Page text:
It is precisely the reduction of facts to opinions that Hannah Arendt so worried about in her essays Lying in Politics and Truth and Politics. And it is the question of how, and also if, we can re-animate a culture of fact in our world that underlies the Arendt Center's upcoming conference, Truthtelling: Democracy in an Age Without Facts. You can see the program here. And register here.
In June of this year, Americans celebrated a curious anniversary. The Pentagon Papers turned 40. For Hannah Arendt, what struck anyone who would sit down and read the 47 volumes was the "quicksand of lying statements of all sorts, deceptions as well as self-deceptions." The untruths in the Papers included factual deceptions: Phony body counts and doctored after-damage reports. But these factual lies, Arendt writes in her essay Lying in Politics, were known before they were published in the New York Times. Like the recent Wikileaks release of US diplomatic cables that elicited a collective yawn from all but those who were caught with their feet in their mouths, the Pentagon Papers hardly revealed any spectacular news.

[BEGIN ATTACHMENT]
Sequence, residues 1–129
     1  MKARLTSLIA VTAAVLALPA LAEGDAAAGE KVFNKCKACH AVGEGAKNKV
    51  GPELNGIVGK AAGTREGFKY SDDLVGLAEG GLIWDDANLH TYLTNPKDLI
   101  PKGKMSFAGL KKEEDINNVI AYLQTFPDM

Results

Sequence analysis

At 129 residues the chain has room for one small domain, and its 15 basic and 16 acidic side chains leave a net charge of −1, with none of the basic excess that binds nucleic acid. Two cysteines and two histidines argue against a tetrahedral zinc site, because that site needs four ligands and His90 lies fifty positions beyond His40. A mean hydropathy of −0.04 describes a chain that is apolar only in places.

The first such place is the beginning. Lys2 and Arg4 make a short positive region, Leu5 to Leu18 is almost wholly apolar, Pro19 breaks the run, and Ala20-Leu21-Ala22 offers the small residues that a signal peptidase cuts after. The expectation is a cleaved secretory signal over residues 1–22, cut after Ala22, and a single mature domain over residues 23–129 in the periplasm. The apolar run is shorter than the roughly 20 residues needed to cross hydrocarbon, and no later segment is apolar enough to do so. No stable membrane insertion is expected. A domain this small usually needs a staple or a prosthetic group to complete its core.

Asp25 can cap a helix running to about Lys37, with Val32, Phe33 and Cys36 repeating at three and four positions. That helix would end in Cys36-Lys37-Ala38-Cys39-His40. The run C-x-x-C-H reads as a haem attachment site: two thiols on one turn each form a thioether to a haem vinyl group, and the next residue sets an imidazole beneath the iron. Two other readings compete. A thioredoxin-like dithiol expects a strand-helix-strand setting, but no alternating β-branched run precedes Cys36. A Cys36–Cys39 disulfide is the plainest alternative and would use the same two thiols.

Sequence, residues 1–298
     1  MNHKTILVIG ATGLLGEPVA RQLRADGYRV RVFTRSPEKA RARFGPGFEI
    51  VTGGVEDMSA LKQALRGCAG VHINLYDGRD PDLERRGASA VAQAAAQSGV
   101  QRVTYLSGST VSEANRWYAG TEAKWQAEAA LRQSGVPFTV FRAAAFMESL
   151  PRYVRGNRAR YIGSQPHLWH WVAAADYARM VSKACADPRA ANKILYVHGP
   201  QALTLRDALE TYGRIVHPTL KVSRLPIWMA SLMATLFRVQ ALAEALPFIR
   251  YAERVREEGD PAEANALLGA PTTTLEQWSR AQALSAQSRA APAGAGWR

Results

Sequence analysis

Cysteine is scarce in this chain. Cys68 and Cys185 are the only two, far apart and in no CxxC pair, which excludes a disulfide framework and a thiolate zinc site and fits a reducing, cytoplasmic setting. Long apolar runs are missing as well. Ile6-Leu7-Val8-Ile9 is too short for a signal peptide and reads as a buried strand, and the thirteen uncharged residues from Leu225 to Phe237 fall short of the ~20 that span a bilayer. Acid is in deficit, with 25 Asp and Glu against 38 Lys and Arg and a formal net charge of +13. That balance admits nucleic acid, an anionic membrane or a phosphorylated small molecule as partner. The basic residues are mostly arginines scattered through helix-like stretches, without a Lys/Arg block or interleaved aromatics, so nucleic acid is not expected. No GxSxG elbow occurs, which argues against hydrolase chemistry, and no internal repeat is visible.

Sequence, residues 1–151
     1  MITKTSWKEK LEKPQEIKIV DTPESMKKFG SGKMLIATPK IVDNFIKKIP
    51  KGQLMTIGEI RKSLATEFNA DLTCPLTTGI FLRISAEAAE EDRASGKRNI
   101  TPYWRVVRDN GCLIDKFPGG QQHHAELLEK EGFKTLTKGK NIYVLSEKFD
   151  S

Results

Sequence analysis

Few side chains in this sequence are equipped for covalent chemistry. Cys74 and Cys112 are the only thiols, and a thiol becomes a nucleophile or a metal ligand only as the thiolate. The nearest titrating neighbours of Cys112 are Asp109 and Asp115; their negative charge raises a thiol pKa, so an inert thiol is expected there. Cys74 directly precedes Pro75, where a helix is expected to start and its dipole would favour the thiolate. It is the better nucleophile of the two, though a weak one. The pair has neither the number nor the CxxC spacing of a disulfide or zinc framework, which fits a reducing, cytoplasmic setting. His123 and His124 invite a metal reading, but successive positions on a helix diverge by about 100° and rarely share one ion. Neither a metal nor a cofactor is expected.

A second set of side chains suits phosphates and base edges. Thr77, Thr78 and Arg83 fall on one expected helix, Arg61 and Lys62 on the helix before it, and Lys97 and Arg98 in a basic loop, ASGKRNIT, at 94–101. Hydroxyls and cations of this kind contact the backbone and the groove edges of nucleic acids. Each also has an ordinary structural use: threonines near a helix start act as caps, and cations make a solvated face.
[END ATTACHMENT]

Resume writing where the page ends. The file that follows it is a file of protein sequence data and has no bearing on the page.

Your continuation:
The import of the Pentagon Papers was not the sudden revelation of unknown facts, but the light they shone on the dangers of self-deception. The lesson Arendt drew was that highly intelligent problem solvers could so easily convince themselves of their technocratic ability to steer the war that, when the facts contradicted their theories and calculations, they concluded that it was the facts that must be wrong. What the Pentagon Papers showed, Arendt argued, was not the workings of cabal seeking to deceive others for some end so much as the powerful danger of lying to oneself.
In March of this year, The Hannah Arendt Center for Politics and the Humanities at Bard College, in collaboration with the New School for Social Research, hosted Lying and Politics, A two-day conference asking:
What is the fate of politics in an age of Lying, Advertising, and Mass-Market Deception?
Speakers at the conference included:
•George Kateb,William Nelson Cromwell Professor of Politics, Emeritus, at Princeton University
•Andreas Kalyvas, Associate Professor of Political Science, The New School
•Kirstie McClure, Associate Professor of Political Science, UCLA
•Uday Mehta, Distinguished Professor of Political Science, CUNY
•Roger Hodge, Former editor of Harpers Magazine.
Videos of the talks are available and we will be posting them over the coming days. You can watch Roger Berkowitz's Introduction to the theme of Lying and Politics here:
And you can watch George Kateb's Lecture (introduced by Jerry Kohn pictured below) "Democracy and Lying," here:
And here is the Question and Answer session for George Kateb's paper: